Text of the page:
Meanwhile at the pain clinic...(is it really worth it?!)

Published

I've been there about a year. Day in and day out it's altered pee (we had started having someone go to the bathroom with them but we were losing too many people so the owners had us stop doing that.) A few weeks ago, I got a visit from an investigator at the board of health who collected 18 charts to study because a complaint came from an informant at the police department that I was misprescribing meds. It didn't take long for me to find out who it was, because patients were coming to me to let me know. Turns out, some lowlife crudburger bottom dweller who was caught buying narcs off the street after he was dismissed from my clinic for a number of actions breaching his contract, was willing to act as an informant in exchange for a lighter sentence.

Oh, and we dismissed some weirdo for cocaine (no 2 week probation for illicit drugs here) and I don't know how but he got my cell phone number and he calls all the time. Now I have to change my number and you know what a pain in the rump that is.

Is it like this everywhere???? Or am I just a magnet for scum? I told the investigator I try to be consciensious (sp?) about what I give people. I hope the chart shows this. I worked hard to make sure we have imaging, database, pill counts, notes, etc. on file. I don't know what else to do. I just figure I need out of this line of business but where do I go, with the glut of NPs?

I really feel like I'm cracking up lately.

coast2coast

379 Posts

Do you LIKE this job? Do you find it rewarding? If so, then stay.

if not - you almost have a year of experience. Start applying! I remember how hard this first job was for you to find, but you are no longer green. If this place makes you miserable, get out!

Personally I would be gone in a hot second if someone from the board of ANYTHING showed up in a place like that.

AtomicWoman

1,747 Posts

I think I would have left when the owners stopped having someone accompany people to the bathroom because they were losing too many patients that way! You have some experience now; find a better job that doesn't stress you so much. One thing I have learned is there are pain practices and there are pain practices -- know what I mean? Some do everything "by the book"; some just collect their money and look the other way. Any discomfort you feel should have you re-evaluating whether you want to stay there.

NSUNP

4 Posts

Are you doing more than pee? Are you going to learn any interventions/injections or other skills you can take with you? Is the money so awesome you can't leave (this is the case in my area where a friend of mine had an 80K bonus working in pain medicine last year). If not, you now have an excellent foundation for working with a surgeon (inpatient or outpatient). I think board complaints are not uncommon in pain medicine. That population is incredibly challenging because you are going to face addiction, misuse and abuse. You have to have your armor on all day. Granny in the pink turtleneck is selling her Roxy to pay for her diabetes meds kind of stuff. My friend seems to think she has become a police officer and NP. She makes so much money (paid cash for a house and her kid's college) that she is basically stuck. Her supervising physician co-located the new office in the same shopping center with highway patrol as a deterrent. She has to have very difficult confrontations with patients about positive or negative pee tests and missing pills. It is certainly not for every one. You have to weigh the pros and cons and decide if type of stress is something you can deal with.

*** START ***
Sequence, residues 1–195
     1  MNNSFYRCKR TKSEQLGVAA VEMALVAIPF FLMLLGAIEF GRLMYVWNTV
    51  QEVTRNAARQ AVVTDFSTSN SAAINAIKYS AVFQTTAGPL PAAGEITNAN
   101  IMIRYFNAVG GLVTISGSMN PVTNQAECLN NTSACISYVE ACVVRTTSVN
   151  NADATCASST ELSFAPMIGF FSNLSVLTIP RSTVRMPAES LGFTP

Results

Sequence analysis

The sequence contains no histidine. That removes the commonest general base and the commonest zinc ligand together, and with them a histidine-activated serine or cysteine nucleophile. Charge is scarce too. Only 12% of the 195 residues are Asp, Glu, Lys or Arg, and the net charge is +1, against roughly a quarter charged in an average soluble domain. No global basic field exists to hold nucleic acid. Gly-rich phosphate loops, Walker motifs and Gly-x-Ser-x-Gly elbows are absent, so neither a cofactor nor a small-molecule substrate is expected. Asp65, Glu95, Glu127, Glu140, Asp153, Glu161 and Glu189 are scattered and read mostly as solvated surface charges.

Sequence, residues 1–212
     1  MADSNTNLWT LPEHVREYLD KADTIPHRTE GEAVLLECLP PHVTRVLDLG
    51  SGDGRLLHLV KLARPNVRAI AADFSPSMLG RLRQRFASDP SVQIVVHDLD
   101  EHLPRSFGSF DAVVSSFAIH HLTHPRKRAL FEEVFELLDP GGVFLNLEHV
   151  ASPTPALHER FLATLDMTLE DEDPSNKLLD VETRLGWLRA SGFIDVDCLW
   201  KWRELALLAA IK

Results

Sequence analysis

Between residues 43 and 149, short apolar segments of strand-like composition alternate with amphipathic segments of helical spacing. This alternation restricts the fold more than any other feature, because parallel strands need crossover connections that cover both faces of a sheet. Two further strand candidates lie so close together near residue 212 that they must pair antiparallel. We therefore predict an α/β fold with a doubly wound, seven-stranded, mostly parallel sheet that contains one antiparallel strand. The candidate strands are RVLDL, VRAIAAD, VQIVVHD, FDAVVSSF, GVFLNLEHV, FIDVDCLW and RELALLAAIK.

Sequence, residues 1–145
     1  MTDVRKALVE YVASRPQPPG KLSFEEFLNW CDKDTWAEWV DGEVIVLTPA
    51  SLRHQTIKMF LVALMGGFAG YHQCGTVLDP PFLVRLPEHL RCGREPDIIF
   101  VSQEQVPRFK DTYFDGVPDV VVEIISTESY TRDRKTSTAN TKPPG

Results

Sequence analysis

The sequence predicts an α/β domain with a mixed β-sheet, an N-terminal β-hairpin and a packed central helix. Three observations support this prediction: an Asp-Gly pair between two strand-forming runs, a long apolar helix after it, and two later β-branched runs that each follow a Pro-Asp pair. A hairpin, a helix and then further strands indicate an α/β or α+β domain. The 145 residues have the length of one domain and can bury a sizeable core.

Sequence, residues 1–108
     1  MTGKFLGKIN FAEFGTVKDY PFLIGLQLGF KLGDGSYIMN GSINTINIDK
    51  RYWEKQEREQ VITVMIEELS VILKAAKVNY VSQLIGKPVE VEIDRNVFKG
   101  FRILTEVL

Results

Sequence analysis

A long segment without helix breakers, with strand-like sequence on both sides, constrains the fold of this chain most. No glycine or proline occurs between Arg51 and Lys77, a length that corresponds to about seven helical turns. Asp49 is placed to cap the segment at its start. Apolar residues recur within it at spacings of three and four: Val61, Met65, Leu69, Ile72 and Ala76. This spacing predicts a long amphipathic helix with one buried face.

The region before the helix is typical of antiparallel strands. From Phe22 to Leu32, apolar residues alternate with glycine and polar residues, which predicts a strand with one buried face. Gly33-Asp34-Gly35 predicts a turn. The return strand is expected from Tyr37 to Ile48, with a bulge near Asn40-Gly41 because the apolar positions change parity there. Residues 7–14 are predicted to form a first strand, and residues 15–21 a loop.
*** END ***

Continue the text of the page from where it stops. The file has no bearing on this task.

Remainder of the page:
Psychcns

3 Articles; 859 Posts

Specializes in Psychiatric Nursing. Has 30 years experience.

Agree with everyone who posted above. Sounds like it is time to look around for another job. Send out one résumé a week. Tell your new employer you want a change. You are now an experienced NP. Best wishes.

PG2018

1,413 Posts

Specializes in Outpatient Psychiatry.

There isn't enough altruism or money in existence for me to staff a pain clinic. It's trying enough getting Xanax away from psych patients.

Jules A, MSN

8,863 Posts

Specializes in Family Nurse Practitioner.
There isn't enough altruism or money in existence for me to staff a pain clinic. It's trying enough getting Xanax away from psych patients.

Lol, it takes a thick skin, intact sense of self and supportive management to pry the benzos, stimulants and opiates from them. It is exhausting but I'm up for it because I feel I am following the present guidelines in an effort to ensure their safety and improve their function. If they have been on Xanax for 30 years and are still a hot mess with a history of falls requiring hospitalization to me its a no brainer. I approach my prescribing philosophy at the first meeting and do not waiver. There are other providers out there who will give them what they request and they are free to seek them out because it will not be me.

I recently had a new patient present with anxiety, active alcohol abuse and antisocial personality disorder who during the initial evaluation managed to slip in the virtues of Xanax 27 times throughout the interview despite my initial and repeated assertions that I would not be starting a benzodiazepine. Red flag there? This patient didn't come to me with an active prescription for Xanax so needless to say didn't leave with one either. This person will not be back and that is fine with me and the psychiatrist who owns the practice.

To the OP I definitely wouldn't work in that specialty for an employer who was lowering their monitoring based on losing patients or not supporting you in terminating services for repeated non-compliant patients because that is incongruent with patient safety. In OP psych we also have to be aware of this when looking for a job because there are many practices who want to keep their patients happy at any price. :(